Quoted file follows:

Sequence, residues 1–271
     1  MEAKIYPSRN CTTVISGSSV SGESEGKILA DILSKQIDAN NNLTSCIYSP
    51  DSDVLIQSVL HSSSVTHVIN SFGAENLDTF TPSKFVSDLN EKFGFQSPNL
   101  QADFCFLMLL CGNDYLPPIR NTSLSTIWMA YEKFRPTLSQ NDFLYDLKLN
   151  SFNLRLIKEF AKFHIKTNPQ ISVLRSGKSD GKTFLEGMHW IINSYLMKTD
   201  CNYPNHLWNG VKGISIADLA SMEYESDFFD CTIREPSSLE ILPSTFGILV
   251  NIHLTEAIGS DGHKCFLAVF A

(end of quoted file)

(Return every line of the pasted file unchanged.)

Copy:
Sequence, residues 1–271
     1  MEAKIYPSRN CTTVISGSSV SGESEGKILA DILSKQIDAN NNLTSCIYSP
    51  DSDVLIQSVL HSSSVTHVIN SFGAENLDTF TPSKFVSDLN EKFGFQSPNL
   101  QADFCFLMLL CGNDYLPPIR NTSLSTIWMA YEKFRPTLSQ NDFLYDLKLN
   151  SFNLRLIKEF AKFHIKTNPQ ISVLRSGKSD GKTFLEGMHW IINSYLMKTD
   201  CNYPNHLWNG VKGISIADLA SMEYESDFFD CTIREPSSLE ILPSTFGILV
   251  NIHLTEAIGS DGHKCFLAVF A